KOSCIUSKO — Students from Washington STEM Academy and Tippecanoe Valley High School traded their books and pencils for life vests and paddles to venture through Grassy Creek as part of the tenth annual student rafting program.
The program, which is made possible by the Kosciusko County Soil and Water Conservation District, The Watershed Foundation, Washington STEM Academy and Tippecanoe Valley HS, aims to educate students about their watershed, and foster a relationship between them and nature. Many of the students had never been on a boat, and hardly any had ever been through a wetland like Grassy Creek.
“The Kosciusko County Soil and Water Conservation District is pleased to be able to offer this type of event to our county. It is collaboration at its best, involving many local entities and volunteers, working towards common goals,” commented SWCD Program Administrator Darci Zolman. “I can’t think of a more unique way to learn about the land-water connection, stewardship, and working together as a team. We are very pleased with this outreach and its impacts.”
Each raft holds up to ten students and education volunteers from various organizations, including the Lilly Center for Lakes and Streams. Together, the teams make their way down the creek with teamwork and collaboration. During the trip the students conduct experiments to determine the creek’s phosphorus concentration, dissolved oxygen and temperature. Combined, these three indicators tell a story about the health of the water. Conservation Officers from the Indiana Department of Natural Resources follow the rafts on the journey to ensure safety on the creek.
The trips ended each day at Pie-Eyed Petey’s Marina, where pontoon boats captained by Lake Tippecanoe Property Owner’s Association members met them. On the ride over to YMCA Camp Crosley Teen Village on Little Tippy, the students also took a Secchi Disk reading to better understand water clarity and sedimentation.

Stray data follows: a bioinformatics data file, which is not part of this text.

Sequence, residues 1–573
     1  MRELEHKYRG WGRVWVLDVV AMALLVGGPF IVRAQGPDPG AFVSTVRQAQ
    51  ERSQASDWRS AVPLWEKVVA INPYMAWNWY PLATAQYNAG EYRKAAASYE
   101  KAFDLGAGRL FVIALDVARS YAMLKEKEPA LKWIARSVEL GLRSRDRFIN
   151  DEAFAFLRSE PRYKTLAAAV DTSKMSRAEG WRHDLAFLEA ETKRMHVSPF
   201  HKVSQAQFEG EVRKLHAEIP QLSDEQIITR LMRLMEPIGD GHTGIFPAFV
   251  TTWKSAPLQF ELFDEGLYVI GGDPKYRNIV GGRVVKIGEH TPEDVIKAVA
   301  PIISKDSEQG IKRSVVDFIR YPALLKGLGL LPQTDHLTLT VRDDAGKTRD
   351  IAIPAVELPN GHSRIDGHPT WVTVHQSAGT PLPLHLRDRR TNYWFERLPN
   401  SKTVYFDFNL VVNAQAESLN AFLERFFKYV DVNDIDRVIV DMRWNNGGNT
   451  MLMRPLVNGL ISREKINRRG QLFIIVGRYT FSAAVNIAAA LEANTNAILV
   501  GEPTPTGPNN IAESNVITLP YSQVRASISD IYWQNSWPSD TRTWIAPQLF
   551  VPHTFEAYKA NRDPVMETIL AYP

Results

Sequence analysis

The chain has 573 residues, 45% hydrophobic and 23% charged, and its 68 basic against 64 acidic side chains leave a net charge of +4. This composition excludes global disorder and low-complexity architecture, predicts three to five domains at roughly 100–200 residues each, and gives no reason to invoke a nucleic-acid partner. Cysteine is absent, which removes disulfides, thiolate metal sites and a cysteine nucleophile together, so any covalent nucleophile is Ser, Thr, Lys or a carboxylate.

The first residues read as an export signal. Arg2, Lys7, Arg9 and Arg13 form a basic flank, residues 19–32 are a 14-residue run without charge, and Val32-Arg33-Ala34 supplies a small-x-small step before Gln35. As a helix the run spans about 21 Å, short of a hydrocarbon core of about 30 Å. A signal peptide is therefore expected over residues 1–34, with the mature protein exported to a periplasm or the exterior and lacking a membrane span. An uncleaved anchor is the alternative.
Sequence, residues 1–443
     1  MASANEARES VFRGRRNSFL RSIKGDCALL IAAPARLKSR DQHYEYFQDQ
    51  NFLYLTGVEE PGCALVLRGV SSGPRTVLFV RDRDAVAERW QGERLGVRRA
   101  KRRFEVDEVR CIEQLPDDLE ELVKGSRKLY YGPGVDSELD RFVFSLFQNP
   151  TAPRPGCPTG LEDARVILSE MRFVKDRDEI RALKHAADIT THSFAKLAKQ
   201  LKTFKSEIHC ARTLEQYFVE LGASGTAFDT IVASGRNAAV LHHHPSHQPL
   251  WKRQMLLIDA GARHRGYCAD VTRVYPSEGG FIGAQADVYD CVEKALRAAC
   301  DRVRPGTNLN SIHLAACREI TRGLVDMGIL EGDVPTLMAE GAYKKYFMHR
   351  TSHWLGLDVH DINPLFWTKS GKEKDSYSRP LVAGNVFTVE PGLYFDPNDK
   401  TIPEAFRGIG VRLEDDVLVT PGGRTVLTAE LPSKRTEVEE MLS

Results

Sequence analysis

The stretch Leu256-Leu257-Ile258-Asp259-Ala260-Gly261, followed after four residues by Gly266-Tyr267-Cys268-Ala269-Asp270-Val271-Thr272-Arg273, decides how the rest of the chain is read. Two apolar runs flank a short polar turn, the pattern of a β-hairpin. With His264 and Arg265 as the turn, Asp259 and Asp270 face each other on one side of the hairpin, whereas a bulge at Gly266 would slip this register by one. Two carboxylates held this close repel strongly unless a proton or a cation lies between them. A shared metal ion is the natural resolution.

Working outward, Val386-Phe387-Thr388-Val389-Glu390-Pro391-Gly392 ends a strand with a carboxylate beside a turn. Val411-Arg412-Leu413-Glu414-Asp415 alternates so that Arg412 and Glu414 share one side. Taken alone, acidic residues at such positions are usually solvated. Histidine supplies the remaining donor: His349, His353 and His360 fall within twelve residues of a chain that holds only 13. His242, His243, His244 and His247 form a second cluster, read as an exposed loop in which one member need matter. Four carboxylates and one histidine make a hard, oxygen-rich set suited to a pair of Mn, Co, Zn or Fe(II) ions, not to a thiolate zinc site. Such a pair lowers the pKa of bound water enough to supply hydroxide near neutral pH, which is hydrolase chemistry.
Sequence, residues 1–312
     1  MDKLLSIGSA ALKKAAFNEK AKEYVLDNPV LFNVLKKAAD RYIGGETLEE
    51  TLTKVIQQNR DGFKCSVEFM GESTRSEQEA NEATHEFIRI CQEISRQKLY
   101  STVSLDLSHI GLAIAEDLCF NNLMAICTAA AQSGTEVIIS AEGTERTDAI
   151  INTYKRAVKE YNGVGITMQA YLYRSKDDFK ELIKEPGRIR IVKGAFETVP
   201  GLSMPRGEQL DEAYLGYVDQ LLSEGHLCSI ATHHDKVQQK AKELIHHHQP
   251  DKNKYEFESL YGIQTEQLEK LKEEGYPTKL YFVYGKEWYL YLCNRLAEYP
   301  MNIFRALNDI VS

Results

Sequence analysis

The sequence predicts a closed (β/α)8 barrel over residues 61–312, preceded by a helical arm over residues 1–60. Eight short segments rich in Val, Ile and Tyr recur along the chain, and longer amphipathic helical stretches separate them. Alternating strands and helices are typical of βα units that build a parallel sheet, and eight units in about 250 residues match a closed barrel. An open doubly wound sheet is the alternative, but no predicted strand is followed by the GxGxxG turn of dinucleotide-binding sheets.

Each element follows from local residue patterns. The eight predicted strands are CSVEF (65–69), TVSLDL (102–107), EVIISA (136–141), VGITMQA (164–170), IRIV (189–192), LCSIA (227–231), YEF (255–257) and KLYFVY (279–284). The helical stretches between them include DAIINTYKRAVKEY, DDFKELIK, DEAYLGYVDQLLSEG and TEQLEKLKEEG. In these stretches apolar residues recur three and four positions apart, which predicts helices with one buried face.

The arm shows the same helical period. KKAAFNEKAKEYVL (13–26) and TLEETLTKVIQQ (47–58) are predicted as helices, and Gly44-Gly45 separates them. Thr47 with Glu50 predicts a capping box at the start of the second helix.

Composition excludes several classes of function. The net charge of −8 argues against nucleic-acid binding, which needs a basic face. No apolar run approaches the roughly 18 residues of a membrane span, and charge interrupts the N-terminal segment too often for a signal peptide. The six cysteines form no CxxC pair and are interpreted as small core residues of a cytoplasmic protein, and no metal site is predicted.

After lunch the day culminated with a watershed activity that demonstrated how small pollutants on land had the potential for impacting water quality. The students built their own community on a tarp and watched as the water picked up pollutants on the land and collected in dirty puddles. Students also learned the importance of resource management and partnership through various activities presented by environmental educator Rick Glassman.
As the student’s day ended, each should have left knowing that they live on a very fragile watershed. It is their responsibility to make Clear Choices for Clean Water in their community, for themselves and future generations. Simple actions such as picking up pet poo and planting native plants in their yards were demonstrated as examples of small choices that have a big impact. For more information about how you can be a good water steward, visit www.Indiana.ClearChoicesCleanWater.org.
“Opportunities such as this rafting trip provide meaningful moments for students to engage with our local lakes and streams. Our goal is to make deep connections so that we can recognize the human impact and monitor trends over time,” said David Burden Washington STEM Coach. “Students are the future stewards and conservationist that will be responsible for the health of our community. We see tremendous value in participating with the Soil and Water Conservation District to learn alongside experts in the field.”
Many Volunteers have given their time and expertise to make these trips possible. Special recognition should be given to SWCD Supervisors Jon Roberts and Stan Moore and volunteers Sherman Bryant and Sam St.Clair for their continued leadership and making sure the rafts are ready for use each morning and put away after each trip. For more information on raft opportunities, contact the Kosciusko County SWCD at (574) 267-7445 x3 or email@example.com.